As the eight leading Republican presidential candidates meet on a debate stage Tuesday night for the fourth time, the GOP field is in search of a clear frontrunner.
Is it Ben Carson, the neurosurgeon and political neophyte who is now confronting a crush of media scrutiny prompted by his surge in the polls?
Is it Donald Trump, the celebrity stunt man whose most surprising attribute might be his steady presence in or near first place both nationally and in the early voting states?
Or is it Marco Rubio, whose middling position behind Carson and Trump in the polls is belied by the increasingly pointed attacks he has faced from rivals treating him as the real threat to their prospects—Trump and Jeb Bush in particular?
Just two weeks have passed since the Republicans last gathered in Colorado. Carson and Trump have held their positions, but it is Rubio, the first-term Florida senator, who has edged into third place after his strong performance in Boulder. Bush has tumbled into fifth, behind Ted Cruz, raising doubts about whether he can even make it to the Iowa caucuses without turning around his campaign. Bush’s assault on Rubio’s record fell flat in the last debate, but his allies are whispering to The New York Times that they might go after Rubio even more aggressively in the weeks ahead. Will the former Florida governor try to sharpen his case, or will he project a sunnier message and let his Super PAC do the dirty work against a senator he once supported? Then again, Bush could also just sit back and hope Trump brings his tweets to life when standing alongside Rubio.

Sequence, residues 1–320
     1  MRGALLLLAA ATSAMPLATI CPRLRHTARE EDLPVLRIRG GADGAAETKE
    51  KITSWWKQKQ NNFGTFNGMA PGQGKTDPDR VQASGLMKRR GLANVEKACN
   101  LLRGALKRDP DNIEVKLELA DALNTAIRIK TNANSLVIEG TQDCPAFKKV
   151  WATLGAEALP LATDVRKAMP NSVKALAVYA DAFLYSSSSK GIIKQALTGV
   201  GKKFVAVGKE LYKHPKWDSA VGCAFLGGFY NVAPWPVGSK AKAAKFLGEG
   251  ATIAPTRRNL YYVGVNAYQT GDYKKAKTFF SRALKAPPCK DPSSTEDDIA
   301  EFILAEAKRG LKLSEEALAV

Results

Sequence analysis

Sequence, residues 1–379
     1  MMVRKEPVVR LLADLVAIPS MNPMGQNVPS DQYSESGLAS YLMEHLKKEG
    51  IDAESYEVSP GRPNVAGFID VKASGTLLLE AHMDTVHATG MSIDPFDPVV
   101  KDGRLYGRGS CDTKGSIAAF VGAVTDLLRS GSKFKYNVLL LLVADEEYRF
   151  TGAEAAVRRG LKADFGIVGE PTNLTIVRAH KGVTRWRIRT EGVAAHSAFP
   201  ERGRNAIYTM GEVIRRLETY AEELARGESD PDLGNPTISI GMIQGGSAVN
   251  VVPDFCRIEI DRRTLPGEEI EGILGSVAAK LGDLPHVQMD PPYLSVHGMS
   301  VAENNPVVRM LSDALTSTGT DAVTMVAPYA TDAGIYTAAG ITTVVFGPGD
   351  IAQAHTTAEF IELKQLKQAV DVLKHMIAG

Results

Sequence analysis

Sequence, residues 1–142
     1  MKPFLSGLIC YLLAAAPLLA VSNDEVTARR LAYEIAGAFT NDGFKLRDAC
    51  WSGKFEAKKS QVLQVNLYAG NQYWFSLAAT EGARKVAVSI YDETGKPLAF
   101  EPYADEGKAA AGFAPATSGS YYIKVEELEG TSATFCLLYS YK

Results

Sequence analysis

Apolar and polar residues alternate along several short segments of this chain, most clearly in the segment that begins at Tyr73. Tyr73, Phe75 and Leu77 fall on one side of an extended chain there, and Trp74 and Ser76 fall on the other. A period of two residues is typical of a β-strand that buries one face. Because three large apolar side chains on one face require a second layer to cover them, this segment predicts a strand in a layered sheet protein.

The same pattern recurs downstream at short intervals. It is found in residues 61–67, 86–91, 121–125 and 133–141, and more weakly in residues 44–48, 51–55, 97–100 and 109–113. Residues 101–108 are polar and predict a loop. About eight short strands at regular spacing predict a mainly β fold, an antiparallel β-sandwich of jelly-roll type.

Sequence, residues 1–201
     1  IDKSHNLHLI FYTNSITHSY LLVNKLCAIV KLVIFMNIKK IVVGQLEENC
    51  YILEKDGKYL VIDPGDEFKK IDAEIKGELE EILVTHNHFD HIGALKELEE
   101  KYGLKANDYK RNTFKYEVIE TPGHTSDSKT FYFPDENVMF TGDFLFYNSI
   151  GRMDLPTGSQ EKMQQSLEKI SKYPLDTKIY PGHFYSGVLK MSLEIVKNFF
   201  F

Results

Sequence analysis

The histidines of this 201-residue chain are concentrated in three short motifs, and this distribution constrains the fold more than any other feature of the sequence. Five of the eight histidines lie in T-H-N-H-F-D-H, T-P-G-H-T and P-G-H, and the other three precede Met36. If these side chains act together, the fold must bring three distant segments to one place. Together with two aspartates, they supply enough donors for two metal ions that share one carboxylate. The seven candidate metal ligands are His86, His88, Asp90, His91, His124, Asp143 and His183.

Marco Rubio is totally weak on illegal immigration & in favor of easy amnesty. A lightweight choker - bad for #USA!— Donald J. Trump (@realDonaldTrump) November 10, 2015
The debate in Milwaukee will air on the Fox Business Network beginning at 9 p.m. ET, and moderators Maria Bartiromo, Neil Cavuto, Gerard Baker of the Wall Street Journal can only hope that they aren’t the story at the end of the night—unlike their widely-criticized counterparts at CNBC. Perhaps the slightly more manageable roster of candidates will help; Chris Christie and Mike Huckabee have been dumped from the main event after they failed to reach 2.5 percent in the qualifying polls. They will join Bobby Jindal and a raspy-voiced Rick Santorum in the undercard round at 7 p.m. (George Pataki, Lindsey Graham, and the apparently-still-running Jim Gilmore failed to make the cut entirely.)